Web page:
The Pilgrim River mouth sits across from US-41, east of Nara Nature Park. When combined with the Michigan Tech Ski Trails, the three areas offer visitors over 50 miles of trails to explore.

Directions: Click here

 

(P) Centennial Park ★

Composed of 6 acres on the shores of Pike Bay, Centennial Park lies on the southern end of Portage Lake. The sheltered cove provides ducks and other waterfowl a place to rest during windy weather. Many different kinds of waterfowl can be seen at the park, including Canada Geese, Gadwall, American Wigeons, Blue-winged Teals, Green-winged Teals, Horned Grebes, and occasionally a Red-necked Grebe.

There are many amenities available at Centennial Park, including a playground, pavilion, fishing pier, swimming beach, wetlands walkway, shelter, and a picnic area. The park hosts the Copper Country Strawberry Festival every year.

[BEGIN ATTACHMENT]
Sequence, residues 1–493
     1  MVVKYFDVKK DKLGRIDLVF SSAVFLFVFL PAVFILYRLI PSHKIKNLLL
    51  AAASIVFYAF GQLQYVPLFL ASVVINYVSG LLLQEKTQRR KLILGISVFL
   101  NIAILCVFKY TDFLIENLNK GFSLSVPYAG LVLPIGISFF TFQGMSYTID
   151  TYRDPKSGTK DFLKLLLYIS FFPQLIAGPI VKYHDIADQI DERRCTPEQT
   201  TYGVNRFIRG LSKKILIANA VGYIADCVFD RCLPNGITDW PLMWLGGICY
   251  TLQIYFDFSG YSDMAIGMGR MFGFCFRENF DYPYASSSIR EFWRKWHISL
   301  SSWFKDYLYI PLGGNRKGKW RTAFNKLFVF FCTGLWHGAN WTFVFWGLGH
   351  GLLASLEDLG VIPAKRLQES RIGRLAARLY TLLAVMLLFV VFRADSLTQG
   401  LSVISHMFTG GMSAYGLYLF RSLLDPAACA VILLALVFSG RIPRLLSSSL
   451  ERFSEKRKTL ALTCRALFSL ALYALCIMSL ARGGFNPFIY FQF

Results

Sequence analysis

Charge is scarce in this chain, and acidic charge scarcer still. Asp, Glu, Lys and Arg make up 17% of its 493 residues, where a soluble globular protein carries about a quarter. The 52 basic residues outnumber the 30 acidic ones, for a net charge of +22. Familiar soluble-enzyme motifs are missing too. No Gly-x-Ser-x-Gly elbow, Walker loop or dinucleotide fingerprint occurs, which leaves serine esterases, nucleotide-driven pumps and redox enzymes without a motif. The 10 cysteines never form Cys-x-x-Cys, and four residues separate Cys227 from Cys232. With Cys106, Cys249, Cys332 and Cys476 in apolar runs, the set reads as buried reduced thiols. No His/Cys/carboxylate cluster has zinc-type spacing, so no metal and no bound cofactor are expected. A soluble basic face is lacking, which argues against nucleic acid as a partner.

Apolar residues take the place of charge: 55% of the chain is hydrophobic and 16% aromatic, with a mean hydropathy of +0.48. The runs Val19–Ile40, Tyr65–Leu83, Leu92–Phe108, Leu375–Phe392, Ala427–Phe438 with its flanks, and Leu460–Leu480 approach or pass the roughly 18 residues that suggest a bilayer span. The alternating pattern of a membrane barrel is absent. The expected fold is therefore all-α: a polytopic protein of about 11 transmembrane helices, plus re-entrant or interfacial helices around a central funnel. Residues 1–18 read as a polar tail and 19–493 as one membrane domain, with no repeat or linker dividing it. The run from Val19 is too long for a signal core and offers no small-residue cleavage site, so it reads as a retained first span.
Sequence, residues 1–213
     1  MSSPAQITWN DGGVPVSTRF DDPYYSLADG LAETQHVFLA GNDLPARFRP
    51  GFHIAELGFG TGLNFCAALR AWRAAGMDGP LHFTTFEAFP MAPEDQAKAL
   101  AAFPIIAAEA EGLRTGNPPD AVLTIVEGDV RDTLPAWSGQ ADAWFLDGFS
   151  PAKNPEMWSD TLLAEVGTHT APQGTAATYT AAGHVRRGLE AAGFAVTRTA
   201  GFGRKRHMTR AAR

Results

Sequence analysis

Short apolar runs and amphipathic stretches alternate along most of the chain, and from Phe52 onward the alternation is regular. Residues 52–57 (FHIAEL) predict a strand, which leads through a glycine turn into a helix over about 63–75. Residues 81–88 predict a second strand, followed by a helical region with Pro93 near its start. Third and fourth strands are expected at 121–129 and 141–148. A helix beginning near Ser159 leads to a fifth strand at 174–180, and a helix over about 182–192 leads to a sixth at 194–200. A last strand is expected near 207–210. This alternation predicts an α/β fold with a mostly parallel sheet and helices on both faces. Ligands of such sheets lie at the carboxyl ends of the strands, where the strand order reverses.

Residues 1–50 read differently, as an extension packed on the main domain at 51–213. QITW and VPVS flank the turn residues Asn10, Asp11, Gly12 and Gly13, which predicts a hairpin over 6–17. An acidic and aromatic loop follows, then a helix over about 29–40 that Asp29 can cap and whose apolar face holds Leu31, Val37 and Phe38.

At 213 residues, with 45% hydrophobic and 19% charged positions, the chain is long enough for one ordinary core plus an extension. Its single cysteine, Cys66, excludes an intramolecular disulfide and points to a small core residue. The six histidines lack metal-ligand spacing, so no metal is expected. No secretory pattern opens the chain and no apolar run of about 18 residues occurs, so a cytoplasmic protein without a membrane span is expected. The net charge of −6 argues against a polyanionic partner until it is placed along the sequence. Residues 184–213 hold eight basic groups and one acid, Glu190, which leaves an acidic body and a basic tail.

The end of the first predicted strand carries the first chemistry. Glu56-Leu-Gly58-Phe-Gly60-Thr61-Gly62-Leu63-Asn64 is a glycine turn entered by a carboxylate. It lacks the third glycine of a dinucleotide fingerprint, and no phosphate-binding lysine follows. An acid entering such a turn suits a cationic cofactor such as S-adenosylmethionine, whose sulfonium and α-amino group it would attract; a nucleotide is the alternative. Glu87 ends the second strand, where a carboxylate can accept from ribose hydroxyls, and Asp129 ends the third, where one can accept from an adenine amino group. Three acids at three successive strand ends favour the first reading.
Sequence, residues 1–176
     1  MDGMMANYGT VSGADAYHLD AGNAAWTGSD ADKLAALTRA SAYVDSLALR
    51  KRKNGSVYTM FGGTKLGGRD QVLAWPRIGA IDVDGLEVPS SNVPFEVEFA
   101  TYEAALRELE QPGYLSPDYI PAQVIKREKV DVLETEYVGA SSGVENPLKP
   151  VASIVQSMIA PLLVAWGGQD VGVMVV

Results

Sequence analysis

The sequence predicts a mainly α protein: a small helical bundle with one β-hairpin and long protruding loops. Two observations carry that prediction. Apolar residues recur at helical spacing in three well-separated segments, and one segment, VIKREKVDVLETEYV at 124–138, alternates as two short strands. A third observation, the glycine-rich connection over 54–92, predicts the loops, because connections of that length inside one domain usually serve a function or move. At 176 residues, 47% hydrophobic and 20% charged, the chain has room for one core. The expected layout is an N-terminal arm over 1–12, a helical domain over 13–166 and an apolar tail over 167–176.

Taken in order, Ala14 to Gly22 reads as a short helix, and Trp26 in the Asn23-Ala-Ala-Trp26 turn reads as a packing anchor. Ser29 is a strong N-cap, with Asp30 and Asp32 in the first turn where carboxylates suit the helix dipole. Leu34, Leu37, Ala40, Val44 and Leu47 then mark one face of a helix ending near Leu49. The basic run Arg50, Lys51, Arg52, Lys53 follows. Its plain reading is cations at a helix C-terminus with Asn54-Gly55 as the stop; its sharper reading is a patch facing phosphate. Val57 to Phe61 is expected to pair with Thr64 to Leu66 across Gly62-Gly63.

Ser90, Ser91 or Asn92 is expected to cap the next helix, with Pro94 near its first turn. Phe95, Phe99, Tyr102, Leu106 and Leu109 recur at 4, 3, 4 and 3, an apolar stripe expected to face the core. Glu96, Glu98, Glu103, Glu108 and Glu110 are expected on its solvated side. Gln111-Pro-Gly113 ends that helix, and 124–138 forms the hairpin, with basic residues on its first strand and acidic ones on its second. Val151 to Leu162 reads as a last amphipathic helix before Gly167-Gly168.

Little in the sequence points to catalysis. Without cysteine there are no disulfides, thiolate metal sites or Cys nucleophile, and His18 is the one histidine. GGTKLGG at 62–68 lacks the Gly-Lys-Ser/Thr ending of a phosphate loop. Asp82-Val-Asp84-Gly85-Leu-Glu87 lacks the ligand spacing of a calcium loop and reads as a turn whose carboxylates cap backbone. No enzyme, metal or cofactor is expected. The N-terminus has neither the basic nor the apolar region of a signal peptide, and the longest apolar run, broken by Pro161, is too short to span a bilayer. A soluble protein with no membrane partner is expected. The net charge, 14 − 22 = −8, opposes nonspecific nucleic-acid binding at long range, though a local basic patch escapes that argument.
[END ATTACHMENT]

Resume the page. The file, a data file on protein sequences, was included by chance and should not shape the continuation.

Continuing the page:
Directions: Click here

Red-necked GrebeRed-necked Grebe

 

(Q) Chassell Sewage (Restricted Access) ★

Chassell Sewage Ponds consists of two large ponds bordered by forest. Because a gate restricts access to the sewage ponds, be sure to request permission before visiting. Many kinds of waterfowl can be seen on the ponds in the spring and fall, including several rare species. In the past, lucky birders saw a Greater White-fronted Goose and a Eurasian Wigeon.

Directions: Click here

 

(R) Sturgeon River Road ★

Located south of Chassell, Sturgeon River Road follows the Sturgeon River, providing birders with many places to stop and listen for migrating Black-throated Green Warblers and other songbirds.

Directions: Click here

 

(S) Portage Lake Overlook ★

Portage Lake Overlook provides birders with a good view of the water channel dividing the Keweenaw Peninsula. The channel is wide enough to host large flocks of waterfowl.

Directions: Click here

 

(T) White City Park ★

White City Park is a good place to look for northern specialties during the wintertime. While visiting the park, be sure to search for Spruce Grouse and Pine Grosbeaks in the pine trees. To access the park, birders will have to drive 30 miles around Portage Lake and Torch Bay.

Directions: Click here